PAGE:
Post- St Petersburg, Post-Dortmund Thought – Why Have Trains and Buses Escaped the Laptop Ban?
Governments with a divisive agenda have realised that the best way to pre-empt backlash or criticism over any irrational decision is to give it a safety and security tag.
Even as businesses are beginning to wake up to the implications of the device ban on flights, it appears that US President Donald Trump is toying with the idea of applying the restrictions to more countries, including the United Kingdom, its closest ally, and some in Europe. Initially, it was thought the bans would be extended to countries such as Pakistan and India.
Go for a Blanket Ban
Amid the evolving developments, several questions rankle my mind as these piecemeal introductions of curbs appear to make little sense. Bans based on just the present are reactive actions laden with pitfalls. Proactive actions that factor in any future threats, going beyond the stereotypal apprehensions, will be more meaningful.
- Why not make it a blanket worldwide ban?
- Since home-grown terrorists exist even in the West, including the U.S., shouldn’t the restrictions be all-encompassing with no country enjoying any exemption? After all, wasn’t the liquids ban on flight cabins applied globally, prevalent till today?
- Why should it apply only to a few countries when passengers can simply circumvent the ban by travelling through others that are not affected?
- Why is the focus only on flights? The world has seen terror strikes at train stations (St Petersburg being the recent one and London and Mumbai not too long ago) and buses (Dortmund recently) as well. If battery bombs can fit into laptops and tablets such as iPad, shouldn’t the restrictions cover trains and buses as well?
Picture from Daily Express
- When trains traverse across Europe, why have they escaped the ban?
- Why does the world think terrorism will remain confined to one religion associated with ISIS, al-Qaeda and many such outfits? Mercenaries across every religion can be roped in for the job. They have been in the past and this includes some from both the U.K. and the U.S.
- Fundamentalism in India: With religious fundamentalism, majoritarianism and hatred against the minorities in India now pervasive, any complacence will be imprudent as the country has seen several attacks by non-Islamic extremist elements.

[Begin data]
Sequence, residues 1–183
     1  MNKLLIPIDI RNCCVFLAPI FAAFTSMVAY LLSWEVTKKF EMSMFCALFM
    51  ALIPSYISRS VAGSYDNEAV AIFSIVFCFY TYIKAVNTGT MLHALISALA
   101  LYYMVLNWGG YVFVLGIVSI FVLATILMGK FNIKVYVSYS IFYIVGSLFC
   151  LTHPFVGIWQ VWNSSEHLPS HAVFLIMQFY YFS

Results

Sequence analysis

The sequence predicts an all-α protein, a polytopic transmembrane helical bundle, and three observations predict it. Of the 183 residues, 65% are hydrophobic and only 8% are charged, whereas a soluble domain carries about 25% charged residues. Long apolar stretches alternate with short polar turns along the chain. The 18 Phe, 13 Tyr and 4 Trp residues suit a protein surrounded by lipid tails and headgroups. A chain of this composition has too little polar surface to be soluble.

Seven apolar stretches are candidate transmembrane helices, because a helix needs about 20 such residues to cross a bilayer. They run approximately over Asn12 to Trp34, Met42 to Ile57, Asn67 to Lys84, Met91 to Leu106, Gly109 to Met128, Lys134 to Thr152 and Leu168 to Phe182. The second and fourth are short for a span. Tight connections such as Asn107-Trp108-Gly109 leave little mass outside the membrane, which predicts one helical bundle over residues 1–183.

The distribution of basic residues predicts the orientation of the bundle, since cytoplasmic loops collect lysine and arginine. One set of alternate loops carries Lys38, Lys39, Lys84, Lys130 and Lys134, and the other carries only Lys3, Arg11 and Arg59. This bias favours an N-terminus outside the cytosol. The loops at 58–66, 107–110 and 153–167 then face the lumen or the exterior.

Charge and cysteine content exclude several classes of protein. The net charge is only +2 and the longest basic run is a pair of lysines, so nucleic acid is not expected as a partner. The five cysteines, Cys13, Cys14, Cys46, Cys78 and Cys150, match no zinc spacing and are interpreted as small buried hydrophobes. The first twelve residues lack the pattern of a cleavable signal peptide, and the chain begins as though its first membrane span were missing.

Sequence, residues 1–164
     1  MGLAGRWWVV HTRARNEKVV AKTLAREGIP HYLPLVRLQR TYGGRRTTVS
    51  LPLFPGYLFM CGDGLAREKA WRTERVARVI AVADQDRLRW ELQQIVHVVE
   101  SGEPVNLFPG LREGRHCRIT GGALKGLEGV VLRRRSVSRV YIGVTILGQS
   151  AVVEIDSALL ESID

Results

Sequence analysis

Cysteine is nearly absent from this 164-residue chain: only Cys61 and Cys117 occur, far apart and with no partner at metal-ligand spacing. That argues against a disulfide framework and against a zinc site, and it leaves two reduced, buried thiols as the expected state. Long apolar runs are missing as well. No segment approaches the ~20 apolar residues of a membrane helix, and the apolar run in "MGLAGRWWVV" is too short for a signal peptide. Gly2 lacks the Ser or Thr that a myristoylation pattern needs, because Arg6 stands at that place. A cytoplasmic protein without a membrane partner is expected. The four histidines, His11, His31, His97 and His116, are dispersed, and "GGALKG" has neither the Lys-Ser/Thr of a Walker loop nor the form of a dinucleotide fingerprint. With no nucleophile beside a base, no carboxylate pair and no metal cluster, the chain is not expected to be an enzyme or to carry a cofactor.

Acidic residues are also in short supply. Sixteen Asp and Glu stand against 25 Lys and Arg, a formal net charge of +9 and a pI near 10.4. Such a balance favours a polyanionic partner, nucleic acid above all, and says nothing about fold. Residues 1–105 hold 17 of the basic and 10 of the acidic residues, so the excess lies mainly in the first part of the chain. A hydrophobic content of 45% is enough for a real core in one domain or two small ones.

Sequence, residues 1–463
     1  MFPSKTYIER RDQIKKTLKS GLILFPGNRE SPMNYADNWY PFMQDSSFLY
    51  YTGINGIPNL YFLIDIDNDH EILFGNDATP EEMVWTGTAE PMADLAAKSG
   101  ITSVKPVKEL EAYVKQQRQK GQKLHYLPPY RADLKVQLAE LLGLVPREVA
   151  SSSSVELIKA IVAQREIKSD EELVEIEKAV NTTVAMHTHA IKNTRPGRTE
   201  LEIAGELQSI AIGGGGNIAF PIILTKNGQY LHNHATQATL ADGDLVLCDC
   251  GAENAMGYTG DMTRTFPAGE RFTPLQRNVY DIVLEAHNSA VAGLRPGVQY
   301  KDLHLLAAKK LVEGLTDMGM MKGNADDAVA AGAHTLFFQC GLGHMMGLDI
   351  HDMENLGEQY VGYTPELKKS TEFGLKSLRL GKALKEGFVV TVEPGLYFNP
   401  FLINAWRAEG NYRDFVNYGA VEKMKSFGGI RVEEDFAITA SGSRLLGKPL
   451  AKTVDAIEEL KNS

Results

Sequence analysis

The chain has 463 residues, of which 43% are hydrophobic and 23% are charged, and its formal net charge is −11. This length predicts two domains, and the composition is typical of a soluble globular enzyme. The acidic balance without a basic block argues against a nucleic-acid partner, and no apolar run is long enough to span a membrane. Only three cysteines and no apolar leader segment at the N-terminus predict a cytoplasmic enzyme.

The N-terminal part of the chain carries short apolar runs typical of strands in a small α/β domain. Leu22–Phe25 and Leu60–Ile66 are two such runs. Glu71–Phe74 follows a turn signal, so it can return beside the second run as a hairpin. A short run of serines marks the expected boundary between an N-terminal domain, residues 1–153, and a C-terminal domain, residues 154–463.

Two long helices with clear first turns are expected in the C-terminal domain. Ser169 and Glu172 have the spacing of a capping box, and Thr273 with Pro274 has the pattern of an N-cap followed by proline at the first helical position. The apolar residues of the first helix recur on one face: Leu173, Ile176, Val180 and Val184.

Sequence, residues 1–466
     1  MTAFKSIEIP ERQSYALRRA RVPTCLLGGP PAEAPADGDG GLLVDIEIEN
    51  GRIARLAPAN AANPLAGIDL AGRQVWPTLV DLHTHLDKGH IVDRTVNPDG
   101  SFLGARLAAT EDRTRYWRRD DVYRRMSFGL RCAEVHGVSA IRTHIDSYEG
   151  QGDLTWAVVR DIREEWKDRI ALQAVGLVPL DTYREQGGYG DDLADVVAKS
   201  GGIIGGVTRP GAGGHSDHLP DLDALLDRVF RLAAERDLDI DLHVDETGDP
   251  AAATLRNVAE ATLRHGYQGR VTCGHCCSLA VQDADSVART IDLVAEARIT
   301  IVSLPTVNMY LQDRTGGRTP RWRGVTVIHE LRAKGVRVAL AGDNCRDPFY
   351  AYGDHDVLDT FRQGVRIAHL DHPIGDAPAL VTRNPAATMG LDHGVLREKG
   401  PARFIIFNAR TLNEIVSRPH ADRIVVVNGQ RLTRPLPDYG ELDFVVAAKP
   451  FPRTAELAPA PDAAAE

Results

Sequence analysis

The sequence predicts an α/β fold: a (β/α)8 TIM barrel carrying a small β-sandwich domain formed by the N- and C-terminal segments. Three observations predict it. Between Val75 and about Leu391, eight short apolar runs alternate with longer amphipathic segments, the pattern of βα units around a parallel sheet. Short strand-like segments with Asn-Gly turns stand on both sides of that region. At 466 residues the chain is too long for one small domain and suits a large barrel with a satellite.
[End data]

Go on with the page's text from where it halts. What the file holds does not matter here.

Oppose Temple and Risk Beheading
Killing in the name of Hindutva is not uncommon, with one BJP leader even saying in Hyderabad recently that anyone opposed to the Ram temple in Ayodhya will be beheaded.
I have lived in Hyderabad in the 80s and been a witness to communal riots that used to happen with a certain periodicity. It is only during the last decade or so the city has been peaceful. I hope these lumpen elements don’t bring violence back to the streets of the lovely city.
Cisco, HP Had Funded Militant Groups
There are some fanatics living in the U.S. and doing all they can to foment anti-Christian and anti-Islam trouble in India, abusing the freedom of expression vested in them.
- A few U.S.-based pro-RSS NGOs, such as the India Development and Relief Fund (IDRF), had in the past collected funds from technology giants such as Cisco Systems and Hewlett-Packard in the name of charity and diverted them for suspect causes.
Cisco later suspended the funding after IDRF’s links to the RSS were exposed. But the NGO still appears to exist, continuing to collect funds.
Implications for Business
The ban on electronic devices in flight cabins had come into force on March 24, when I had come up with a post, With Device Ban, Business Focus May be Back on Virtual Meetings, raising such questions as:
- How will businesses brace up for the device ban?
- Will they start implementing what used to be cost-cutting measures such as meetings through videoconferencing.
- If so, will the ban be a blessing in disguise for companies as travels do involve a significant cost chunk?
Airline Fares Remain High
But then that post was more about the implications for business, including for airlines, than on the ban itself. It appears airlines will be fine as I have only seen the fares go up since the ban as passengers are finding ways to circumvent the restrictions and not give up business travel.
Where it can get tricky is when the curbs become applicable for commuting by trains and buses. It will affect commuting to the office through those modes of transport on a day-to-day basis. If that happens, it will accelerate acceptance of the virtual office as there is no way the staff can avoid carrying laptops or iPads with them for their routine work.
Sounds crazy? Curbs that are flippant can invite posts that are just as flippant!
G Joslin Vethakumar